The Surakarta city administration has promoted the presence of communal toilets over the past five years in a bid to help improve sanitation among city residents.
The presence of communal toilets has been focused in densely populated areas such as Sangkrah, Pasar Kliwon district and Kratonan, Serengan district.
This is one of the reasons Surakarta has been chosen to host the 13th World Toilet Summit, an event to be held for the first time in Indonesia, in October next year.
Preparations for the international event, which focuses on environmental sanitation, have been carried out earlier so they can be included in the deliberation of the General Budget Policy (KUA) and the Surakarta Municipal Temporary Budget Ceiling and Priority (PPAS).
“The event, which will be attended by 62 countries, should be prepared thoroughly, including the addition of a number of public bathrooms in Surakarta,” People’s Welfare and Economic Development assistant Eny Tyasni Suzana said at City Hall on Monday.
The Surakarta municipality will also build additional public bathrooms on the City Walk, along Jl. Slamet Riyadi, Gladag Langen Bogan, Kampung Batik Laweyan and other tourist areas in the city. They will be realized by next year.
Funds will be jointly derived from the municipal budget and private sector, such as corporate social responsibility funds from companies located in the designated locations.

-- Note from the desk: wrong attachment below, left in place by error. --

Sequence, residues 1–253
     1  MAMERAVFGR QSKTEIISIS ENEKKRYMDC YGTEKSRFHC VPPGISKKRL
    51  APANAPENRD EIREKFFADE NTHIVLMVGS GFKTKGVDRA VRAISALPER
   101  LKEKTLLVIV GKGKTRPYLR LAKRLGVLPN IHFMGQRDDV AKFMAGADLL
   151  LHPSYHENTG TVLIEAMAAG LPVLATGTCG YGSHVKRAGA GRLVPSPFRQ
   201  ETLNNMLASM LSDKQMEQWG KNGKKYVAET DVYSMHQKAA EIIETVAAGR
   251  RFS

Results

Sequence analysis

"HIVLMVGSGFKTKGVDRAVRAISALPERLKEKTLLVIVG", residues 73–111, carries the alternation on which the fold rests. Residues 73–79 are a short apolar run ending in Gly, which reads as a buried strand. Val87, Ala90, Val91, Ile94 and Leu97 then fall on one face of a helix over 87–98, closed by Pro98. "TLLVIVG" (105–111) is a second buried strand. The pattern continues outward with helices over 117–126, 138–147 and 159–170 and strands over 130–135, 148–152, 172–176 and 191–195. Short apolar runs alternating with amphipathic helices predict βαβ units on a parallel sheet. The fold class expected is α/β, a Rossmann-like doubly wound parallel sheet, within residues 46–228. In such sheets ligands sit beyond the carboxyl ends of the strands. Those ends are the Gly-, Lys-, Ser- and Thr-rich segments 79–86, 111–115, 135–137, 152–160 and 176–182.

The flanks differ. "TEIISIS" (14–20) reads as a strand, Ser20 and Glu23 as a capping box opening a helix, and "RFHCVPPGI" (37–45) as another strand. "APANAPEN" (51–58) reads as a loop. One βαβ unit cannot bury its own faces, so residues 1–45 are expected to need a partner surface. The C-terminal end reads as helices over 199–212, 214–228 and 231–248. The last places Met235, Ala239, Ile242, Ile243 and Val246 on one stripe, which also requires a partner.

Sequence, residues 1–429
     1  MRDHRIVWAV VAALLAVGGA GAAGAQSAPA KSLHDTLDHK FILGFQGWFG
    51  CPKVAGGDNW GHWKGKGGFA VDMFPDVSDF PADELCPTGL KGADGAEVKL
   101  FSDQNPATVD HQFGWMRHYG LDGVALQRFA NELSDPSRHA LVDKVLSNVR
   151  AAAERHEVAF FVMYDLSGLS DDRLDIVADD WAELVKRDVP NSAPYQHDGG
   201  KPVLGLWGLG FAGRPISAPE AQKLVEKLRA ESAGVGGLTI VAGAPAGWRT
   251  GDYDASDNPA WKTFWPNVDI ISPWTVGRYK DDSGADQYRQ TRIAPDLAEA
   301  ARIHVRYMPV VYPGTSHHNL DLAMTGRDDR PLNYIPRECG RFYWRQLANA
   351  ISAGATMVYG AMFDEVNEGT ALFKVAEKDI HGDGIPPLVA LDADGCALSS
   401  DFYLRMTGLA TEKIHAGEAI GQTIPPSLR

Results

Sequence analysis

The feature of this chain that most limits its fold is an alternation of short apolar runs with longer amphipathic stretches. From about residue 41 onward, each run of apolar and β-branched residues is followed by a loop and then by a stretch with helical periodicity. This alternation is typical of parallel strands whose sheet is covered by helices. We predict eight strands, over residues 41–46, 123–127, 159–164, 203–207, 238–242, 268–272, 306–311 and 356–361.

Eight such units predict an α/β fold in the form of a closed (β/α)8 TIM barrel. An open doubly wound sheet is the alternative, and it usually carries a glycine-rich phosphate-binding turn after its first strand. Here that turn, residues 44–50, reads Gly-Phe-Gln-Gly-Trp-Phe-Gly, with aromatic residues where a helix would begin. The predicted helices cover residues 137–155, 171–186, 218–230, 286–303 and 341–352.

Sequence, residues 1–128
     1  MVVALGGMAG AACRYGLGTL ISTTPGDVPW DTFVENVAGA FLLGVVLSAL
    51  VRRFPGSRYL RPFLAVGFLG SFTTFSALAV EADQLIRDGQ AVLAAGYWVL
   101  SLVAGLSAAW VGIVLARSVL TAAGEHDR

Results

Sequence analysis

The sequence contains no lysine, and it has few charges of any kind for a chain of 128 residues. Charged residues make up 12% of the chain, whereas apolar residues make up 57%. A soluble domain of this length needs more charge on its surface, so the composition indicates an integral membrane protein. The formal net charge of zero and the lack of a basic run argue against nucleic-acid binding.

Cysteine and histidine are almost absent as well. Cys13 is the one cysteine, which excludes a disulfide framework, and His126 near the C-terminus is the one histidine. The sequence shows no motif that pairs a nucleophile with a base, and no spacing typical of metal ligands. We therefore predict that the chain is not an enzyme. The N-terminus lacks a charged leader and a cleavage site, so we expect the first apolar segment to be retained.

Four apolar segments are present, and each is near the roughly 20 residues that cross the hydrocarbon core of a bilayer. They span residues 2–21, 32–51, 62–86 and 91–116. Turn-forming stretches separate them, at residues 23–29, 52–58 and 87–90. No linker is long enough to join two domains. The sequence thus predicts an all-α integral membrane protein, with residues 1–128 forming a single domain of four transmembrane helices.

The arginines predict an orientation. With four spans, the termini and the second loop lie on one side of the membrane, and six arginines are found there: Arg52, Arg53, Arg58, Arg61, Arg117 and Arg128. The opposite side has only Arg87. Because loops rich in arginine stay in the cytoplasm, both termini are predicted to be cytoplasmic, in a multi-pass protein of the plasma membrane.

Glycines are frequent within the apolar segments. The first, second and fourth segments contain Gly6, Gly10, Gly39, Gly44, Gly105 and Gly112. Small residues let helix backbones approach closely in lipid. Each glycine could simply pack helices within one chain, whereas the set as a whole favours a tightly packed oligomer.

“We picked Surakarta because we have seen many examples in the city regarding the presence of public communal toilets,” said Indonesian Toilet Association (ITA) head Naning S. Adiwoso in a meeting with Surakarta Mayor Joko “Jokowi” Widodo at City Hall recently.
ITA has conducted a number of surveys and found that the condition of communal toilets in Surakarta could serve as a reference and model for environmental sanitation awareness. Naning said the matter was closely related to the municipality’s target to turn the city into a meeting, incentive, convention and exhibition (MICE) city.
Residents living in densely populated cities often forget the importance of sanitation, including Surakarta, where defecating in the open is commonplace. Other cities can emulate Surakarta’s model if residents maintain environmental sanitation.